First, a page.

In the early 1990s, Susan Griffin-Black was working for Esprit in San Francisco. On a business trip to London, she walked into a Covent Garden apothecary shop, picked up a bottle of lavender oil and took a whiff. The aroma — "like being in a beautiful garden" — literally changed her life. That was the inspiration to develop her own line of essential oil products. For 15 years, she and her husband and co-founder Brad Black barely scraped by, but the business eventually thrived. And though their marriage ultimately ended, their partnership continues. PLUS for our postscript "How You Built That," Lia Heifetz of Barnacle Foods describes how she and her partners turned Alaskan bull kelp into pickles and salsa.
Teach For America: Wendy Kopp
In 1989, college senior Wendy Kopp was trying to figure out how to improve public education in the US. For her senior thesis, she proposed creating a national teaching corps that would recruit recent college grads to teach in needy schools. One year later, she launched the nonprofit, Teach for America. Today, TFA has close to 60,000 alumni and continues to place thousands of teachers across the country. PLUS in our postscript "How You Built That," we check back with 19-year-old CEO Abby Kircher who turned a peanut butter obsession into Abby's Better Nut Butter.
Dave's Killer Bread: Dave Dahl
Dave Dahl's entrepreneurial journey began in prison. In 1987, he was addicted to drugs and incarcerated for home burglary. For 15 years he bounced from one sentence to the next. But in the mid-2000s, Dave returned to his family bakery where he was inspired to make bread – organic, nutty, and slightly sweet. He sold the loaves at farmers markets and shared his story of recovery on the package – a branding decision that attracted fans and media attention. In 2015, the Dahl family sold the business for $275 million dollars. Today, Dave's Killer Bread sells over a dozen types of bread in grocery stores nationwide. PLUS in our postscript "How You Built That," armpit entrepreneurs Jason and Erica Feucht tell us how they turned whiskey and vodka into the natural deodorant Pit Liquor.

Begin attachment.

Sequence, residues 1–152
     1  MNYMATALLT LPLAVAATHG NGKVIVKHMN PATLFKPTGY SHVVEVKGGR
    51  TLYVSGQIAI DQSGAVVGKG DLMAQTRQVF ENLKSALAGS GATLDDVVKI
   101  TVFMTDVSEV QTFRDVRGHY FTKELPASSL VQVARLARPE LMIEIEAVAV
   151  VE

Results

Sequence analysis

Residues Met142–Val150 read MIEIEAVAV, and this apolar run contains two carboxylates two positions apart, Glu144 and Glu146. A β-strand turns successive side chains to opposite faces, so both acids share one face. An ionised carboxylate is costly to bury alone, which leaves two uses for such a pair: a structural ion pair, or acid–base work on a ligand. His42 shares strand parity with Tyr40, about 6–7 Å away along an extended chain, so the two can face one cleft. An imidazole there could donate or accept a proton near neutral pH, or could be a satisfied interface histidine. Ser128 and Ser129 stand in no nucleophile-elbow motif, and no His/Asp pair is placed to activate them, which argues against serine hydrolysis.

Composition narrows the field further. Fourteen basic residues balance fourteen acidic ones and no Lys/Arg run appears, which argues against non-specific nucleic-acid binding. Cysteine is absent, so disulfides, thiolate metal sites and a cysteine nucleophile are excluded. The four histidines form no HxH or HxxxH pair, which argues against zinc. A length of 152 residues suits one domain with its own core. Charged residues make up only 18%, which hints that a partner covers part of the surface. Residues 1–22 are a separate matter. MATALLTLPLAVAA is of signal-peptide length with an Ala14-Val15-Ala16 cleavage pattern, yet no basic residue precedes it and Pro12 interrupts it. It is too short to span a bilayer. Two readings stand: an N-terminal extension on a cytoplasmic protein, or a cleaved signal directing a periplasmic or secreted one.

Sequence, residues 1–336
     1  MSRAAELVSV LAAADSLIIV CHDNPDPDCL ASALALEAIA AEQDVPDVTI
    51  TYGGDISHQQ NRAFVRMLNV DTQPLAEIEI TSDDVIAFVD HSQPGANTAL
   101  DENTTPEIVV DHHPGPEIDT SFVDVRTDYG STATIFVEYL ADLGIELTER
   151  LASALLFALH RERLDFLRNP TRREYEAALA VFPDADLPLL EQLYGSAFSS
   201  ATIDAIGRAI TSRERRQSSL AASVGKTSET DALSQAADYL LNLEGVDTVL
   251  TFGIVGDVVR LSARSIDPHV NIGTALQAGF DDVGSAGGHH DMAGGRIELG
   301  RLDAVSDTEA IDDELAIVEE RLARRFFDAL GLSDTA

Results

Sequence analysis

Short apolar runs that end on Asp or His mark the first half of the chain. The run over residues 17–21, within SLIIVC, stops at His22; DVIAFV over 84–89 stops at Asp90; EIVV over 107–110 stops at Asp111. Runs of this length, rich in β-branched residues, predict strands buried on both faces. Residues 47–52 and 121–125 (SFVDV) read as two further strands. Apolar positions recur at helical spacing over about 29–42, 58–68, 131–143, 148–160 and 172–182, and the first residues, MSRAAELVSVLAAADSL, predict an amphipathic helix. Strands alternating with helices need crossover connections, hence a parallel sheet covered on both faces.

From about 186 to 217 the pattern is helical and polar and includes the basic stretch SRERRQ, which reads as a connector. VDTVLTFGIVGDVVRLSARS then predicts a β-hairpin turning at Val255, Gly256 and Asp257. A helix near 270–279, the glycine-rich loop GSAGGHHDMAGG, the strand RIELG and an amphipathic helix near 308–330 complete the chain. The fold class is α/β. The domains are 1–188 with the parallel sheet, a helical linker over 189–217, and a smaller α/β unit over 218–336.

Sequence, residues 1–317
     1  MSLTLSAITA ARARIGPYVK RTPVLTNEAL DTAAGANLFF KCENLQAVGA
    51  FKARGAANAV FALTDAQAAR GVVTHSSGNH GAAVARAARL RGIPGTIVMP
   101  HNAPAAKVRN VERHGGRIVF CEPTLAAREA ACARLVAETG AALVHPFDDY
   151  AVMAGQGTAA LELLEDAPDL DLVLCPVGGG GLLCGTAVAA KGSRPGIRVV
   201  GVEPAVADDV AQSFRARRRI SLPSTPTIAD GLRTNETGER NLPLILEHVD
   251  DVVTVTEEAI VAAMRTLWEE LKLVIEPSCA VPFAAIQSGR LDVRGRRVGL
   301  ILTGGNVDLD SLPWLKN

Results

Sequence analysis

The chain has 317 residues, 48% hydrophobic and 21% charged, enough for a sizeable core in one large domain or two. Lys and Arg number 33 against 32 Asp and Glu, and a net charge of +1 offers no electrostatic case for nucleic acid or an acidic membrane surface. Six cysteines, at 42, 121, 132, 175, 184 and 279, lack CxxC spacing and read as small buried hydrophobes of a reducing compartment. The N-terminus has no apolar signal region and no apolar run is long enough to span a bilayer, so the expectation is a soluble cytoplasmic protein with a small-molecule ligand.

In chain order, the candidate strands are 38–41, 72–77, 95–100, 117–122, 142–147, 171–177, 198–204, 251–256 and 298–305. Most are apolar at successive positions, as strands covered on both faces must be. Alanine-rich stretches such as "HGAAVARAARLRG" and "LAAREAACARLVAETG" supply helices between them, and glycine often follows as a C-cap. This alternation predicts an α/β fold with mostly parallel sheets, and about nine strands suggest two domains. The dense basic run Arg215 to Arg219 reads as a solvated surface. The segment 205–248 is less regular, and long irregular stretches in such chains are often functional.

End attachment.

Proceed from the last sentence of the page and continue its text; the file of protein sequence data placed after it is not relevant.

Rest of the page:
Yelp: Jeremy Stoppelman
In 2004, two former Paypal engineers, Jeremy Stoppelman and Russ Simmons, were spit-balling new internet ideas. Out of their brainstorm came a site where you would email your friends asking for local business recommendations. The launch was a flop, but they discovered that people seemed to enjoy writing reviews not just for friends, but for the general public. Fifteen years later, Yelp is a publicly traded company with more than 4,000 employees and over 140 million monthly visitors. PLUS in our postscript "How You Built That," Liz Bales explains how putting cat food inside plastic mice became her full-time business and why it could revolutionize the way humans feed their cats.
Chesapeake Bay Candle: Mei Xu
Twenty-five years ago, after Mei Xu emigrated from China to the U.S., she loved going to Bloomingdale's to gaze at their housewares. She eventually started making candles in her basement with Campbell's Soup cans, an experiment that led to the multi-million dollar company Chesapeake Bay Candle. PLUS in our postscript "How You Built That," we check back with Dan Kurzrock and Jordan Schwartz, who turned up-cycled beer grain into a snack bar called ReGrained.